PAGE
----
In Fig. 1, we position our work in the literature by summarizing various design aspects of scheduling policies for a G/G/ queue. Existing work mostly explores the design based on the arrivaltime information along with considering service preemption and informative updates. We point out that the sizebased design is an orthogonal dimension of great importance, which somehow has not received sufficient attentions yet. Unsurprisingly, designing AoIefficient policies requires the consideration of all these dimensions. In Table I, we summarize several useful guidelines for the design of AoIefficient policies, which are also labeled in Fig.1. To the best of our knowledge, this is the first work that conducts a systematic and comparative study to investigate the design of AoIefficient scheduling policies for a G/G/ queue. In the following, we summarize our key contributions along with an explanation of Fig. 1 and Table I.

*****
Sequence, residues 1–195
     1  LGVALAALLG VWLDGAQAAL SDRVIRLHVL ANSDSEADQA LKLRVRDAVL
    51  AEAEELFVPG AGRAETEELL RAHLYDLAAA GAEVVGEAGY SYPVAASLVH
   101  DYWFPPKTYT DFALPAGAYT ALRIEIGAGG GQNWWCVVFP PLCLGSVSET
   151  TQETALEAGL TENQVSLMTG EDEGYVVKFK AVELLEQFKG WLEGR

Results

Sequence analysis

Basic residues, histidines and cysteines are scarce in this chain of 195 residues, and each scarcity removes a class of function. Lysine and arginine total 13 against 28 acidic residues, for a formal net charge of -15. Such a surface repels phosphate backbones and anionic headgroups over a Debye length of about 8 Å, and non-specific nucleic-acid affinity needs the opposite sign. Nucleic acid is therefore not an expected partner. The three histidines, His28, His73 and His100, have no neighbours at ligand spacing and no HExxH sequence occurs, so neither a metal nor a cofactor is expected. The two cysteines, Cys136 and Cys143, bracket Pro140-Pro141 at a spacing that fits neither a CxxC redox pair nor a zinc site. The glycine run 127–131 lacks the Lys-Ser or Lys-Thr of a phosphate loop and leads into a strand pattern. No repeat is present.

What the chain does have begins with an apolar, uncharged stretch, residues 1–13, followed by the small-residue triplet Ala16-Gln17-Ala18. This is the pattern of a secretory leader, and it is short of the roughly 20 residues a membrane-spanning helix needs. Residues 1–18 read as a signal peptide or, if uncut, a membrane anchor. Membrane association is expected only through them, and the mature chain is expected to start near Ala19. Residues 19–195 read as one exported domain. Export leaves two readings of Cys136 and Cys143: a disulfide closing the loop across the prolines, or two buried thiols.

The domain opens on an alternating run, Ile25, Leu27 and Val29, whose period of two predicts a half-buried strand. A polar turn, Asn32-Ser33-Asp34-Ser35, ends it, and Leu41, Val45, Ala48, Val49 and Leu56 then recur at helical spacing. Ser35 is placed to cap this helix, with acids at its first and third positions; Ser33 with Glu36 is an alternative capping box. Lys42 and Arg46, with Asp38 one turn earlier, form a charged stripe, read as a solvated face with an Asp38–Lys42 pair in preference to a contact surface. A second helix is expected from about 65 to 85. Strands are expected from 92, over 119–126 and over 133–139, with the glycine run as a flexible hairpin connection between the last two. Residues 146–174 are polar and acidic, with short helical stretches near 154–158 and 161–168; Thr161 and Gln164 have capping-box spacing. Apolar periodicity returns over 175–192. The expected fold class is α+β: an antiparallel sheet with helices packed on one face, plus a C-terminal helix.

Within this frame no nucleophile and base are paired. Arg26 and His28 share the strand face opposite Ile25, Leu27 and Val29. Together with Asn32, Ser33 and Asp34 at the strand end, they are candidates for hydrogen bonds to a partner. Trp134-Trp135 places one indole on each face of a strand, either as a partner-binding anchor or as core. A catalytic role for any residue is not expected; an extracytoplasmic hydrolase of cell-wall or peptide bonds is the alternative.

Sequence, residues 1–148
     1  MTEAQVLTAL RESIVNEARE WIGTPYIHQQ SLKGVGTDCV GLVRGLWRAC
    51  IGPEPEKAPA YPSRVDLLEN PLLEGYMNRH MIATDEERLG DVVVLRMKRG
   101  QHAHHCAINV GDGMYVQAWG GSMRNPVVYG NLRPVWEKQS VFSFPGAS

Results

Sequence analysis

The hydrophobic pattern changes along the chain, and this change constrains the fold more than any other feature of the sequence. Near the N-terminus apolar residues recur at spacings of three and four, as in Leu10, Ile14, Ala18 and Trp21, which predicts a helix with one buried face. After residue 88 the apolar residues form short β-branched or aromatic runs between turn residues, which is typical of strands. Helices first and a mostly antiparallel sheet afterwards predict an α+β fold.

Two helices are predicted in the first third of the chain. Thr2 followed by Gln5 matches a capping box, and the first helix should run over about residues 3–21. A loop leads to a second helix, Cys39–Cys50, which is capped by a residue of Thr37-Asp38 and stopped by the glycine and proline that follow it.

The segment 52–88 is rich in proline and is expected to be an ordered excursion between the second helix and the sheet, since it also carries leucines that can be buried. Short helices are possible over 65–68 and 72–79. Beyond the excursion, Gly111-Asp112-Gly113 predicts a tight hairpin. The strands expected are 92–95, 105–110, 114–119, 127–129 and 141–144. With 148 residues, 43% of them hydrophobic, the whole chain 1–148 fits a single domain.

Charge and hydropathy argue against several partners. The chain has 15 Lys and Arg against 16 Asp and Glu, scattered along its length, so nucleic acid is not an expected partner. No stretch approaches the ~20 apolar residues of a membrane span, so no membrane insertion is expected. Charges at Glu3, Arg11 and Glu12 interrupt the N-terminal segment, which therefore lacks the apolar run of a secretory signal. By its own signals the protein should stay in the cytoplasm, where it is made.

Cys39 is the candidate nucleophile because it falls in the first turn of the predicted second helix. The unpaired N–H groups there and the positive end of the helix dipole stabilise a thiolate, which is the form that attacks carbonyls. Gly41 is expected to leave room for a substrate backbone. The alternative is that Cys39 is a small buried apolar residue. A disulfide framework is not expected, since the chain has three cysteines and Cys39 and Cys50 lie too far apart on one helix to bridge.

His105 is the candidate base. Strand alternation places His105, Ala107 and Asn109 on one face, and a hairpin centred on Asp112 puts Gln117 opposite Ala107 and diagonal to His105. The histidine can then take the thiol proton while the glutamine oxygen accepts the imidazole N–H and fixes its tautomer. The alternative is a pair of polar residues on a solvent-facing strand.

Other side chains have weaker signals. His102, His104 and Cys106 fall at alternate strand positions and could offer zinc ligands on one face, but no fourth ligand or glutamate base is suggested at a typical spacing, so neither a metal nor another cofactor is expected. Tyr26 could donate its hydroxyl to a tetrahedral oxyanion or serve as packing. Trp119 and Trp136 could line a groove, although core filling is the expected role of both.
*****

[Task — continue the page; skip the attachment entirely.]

First, we investigate the AoI performance of sizebased scheduling policies (i.e., the green arrow in Fig. 1), which is an orthogonal approach to the arrivaltimebased design studied in most existing work. We conduct extensive simulations to show that sizebased policies that prioritize small updates significantly improve AoI performance. We also explain interesting observations from the simulation results and summarize useful guidelines (i.e., Guidelines 1, 2, and 3 in Table I) for the design of AoIefficient policies.
Second, leveraging both the updatesize and arrivaltime information, we introduce Guideline 4 and propose AoIbased scheduling policies (i.e., the blue arrow in Fig. 1). These AoIbased policies attempt to optimize the AoI at a specific future time instant from three different perspectives: the AoIDropEarliest (ADE) policy, which makes the AoI drop the earliest; the AoIDroptoSmallest (ADS) policy, which makes the AoI drop to the smallest; the AoIDropMost (ADM) policy, which makes the AoI drop the most. The simulation results show that such AoIbased policies indeed have a good AoI performance.